3. Sweet Little Lies by Caz Frear: £7.99, Bonnier Zaffre
Caz Frear’s funny, slickly-written debut is a crime novel about Cat Kinsella, a 26-year-old police detective who gets embroiled in a murder case that has sticky links with her own family. Unlike other plot-driven crime novels, Sweet Little Lies is written with panache and is kick-ass feminist, as well as laugh-out-loud funny. The characters/suspects are intriguing as they are often members of Cat’s family or people she grew up with in Ireland. At the end, Cat must face a decision – admit how much she knows and ruin her career or keep schtum and protect the family.
4. Eleanor Oliphant Is Completely Fine by Gail Honeyman: £12.99, HarperCollins
Gail Honeyman’s first book won the Scottish Book Trust First Chapter award and has topped multiple best-seller lists. Eleanor Oliphant has spent her childhood in foster care and is living in the shell of herself, working the nine-to-five in a Glasgow office and spending evenings at home, with no friends to talk to and nothing much to do. That all changes when an old man falls in the street. Along comes Raymond, the bumbling IT engineer at her work who invites her to the hospital to visit him, and Raymond and Eleanor develop a close friendship, with plenty of gaffes and hesitations along the way. Eleanor starts to change her way of looking at the world and how to open up about her past. Despite the grim-sounding circumstances, Eleanor’s voice is light and funny. Also, her weekly calls with crazy “Mummy” are not what the reader thinks they are. Any city dweller will relate to the premise of this book, based on urban loneliness and how a small kind act from a stranger can make a world of difference.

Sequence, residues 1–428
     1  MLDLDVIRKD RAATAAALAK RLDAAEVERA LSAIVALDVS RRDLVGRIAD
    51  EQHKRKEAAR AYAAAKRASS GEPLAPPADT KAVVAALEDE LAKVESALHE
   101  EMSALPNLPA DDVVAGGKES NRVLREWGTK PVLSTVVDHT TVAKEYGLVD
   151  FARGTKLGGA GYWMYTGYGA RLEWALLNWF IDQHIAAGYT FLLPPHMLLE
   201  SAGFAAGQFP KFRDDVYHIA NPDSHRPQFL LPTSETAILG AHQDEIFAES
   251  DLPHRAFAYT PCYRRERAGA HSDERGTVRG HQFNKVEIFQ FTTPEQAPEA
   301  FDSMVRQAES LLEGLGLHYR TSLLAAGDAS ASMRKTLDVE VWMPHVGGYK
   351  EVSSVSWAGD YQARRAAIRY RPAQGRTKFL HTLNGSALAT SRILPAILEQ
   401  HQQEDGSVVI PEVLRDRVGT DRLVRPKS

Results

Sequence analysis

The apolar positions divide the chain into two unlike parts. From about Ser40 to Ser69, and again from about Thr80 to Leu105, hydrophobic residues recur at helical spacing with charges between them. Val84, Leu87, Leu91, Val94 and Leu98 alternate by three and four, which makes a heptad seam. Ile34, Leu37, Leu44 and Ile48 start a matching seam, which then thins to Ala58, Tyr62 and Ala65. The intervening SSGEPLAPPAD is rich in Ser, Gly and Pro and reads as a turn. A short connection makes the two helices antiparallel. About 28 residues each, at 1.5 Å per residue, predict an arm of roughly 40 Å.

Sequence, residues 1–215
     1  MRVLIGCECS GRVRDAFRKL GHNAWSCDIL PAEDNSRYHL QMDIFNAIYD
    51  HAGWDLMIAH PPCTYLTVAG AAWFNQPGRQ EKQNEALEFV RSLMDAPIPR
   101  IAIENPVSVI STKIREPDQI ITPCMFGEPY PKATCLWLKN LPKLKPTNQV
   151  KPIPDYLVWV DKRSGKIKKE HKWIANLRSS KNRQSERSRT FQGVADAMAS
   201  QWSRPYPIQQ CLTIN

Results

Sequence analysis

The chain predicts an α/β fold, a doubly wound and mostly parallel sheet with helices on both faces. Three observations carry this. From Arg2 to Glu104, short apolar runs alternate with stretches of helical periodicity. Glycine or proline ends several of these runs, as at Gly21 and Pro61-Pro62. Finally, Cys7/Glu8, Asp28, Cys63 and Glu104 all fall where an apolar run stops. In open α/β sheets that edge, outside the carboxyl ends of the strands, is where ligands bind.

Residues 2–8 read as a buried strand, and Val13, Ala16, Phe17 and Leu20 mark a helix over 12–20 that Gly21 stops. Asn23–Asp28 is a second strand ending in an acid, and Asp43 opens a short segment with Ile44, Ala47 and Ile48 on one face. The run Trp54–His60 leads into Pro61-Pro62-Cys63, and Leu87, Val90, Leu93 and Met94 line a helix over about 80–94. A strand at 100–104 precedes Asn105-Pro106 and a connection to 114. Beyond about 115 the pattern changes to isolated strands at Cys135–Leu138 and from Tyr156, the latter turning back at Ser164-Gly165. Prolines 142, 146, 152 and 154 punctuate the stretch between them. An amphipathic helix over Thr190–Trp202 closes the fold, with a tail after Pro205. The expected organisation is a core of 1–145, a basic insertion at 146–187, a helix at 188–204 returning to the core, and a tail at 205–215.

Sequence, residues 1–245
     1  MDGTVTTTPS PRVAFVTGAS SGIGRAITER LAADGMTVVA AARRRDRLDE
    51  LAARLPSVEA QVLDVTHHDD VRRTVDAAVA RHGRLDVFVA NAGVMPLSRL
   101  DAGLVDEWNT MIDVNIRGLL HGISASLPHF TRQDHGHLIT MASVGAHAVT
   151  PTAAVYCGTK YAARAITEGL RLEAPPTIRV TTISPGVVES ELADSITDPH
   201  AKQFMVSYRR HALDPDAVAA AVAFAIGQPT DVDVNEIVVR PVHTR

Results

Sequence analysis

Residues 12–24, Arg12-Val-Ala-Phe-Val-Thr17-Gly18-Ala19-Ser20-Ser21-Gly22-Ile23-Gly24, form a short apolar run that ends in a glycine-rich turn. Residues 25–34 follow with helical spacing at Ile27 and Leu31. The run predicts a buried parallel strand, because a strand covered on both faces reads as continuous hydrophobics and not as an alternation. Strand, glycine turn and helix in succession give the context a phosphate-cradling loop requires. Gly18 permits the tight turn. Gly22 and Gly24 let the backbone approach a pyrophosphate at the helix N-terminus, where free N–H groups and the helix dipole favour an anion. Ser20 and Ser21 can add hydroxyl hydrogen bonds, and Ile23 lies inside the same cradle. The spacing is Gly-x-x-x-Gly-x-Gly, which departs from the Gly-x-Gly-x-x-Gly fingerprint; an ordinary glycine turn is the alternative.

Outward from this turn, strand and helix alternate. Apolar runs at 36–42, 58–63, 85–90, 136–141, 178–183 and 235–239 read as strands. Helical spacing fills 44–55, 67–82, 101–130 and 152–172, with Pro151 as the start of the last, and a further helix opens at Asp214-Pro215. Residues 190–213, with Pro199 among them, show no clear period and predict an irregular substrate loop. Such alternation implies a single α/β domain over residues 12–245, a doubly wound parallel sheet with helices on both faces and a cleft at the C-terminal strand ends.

5. The Idiot by Elif Batuman: £16.99, Jonathan Cape
18-year-old Selin is a Turkish-American freshman at Harvard. She knows everything, or at least it seems that way, with the book unspooling a wondrous amount of trivia, but she also knows nothing, and it takes her the whole novel to realise it. The reader wanders along through her first year in Boston, meeting friends, laughing at the absurdities of people and teachers and language, and then we follow her through Europe over the summer and her six weeks teaching English in a Hungarian village. The love interest, a tall Hungarian student called Ivan, writes Selin mysterious messages which she can never quite understand. Similar to Conservations With Friends, Elif Batuman prods fun at her young narrator’s naivety, and the inability of her young characters to say simple things such as “I like you but I have a girlfriend”. Batuman, in seemingly writing a novel about nothing, has produced an incredibly complex, accurate and funny novel.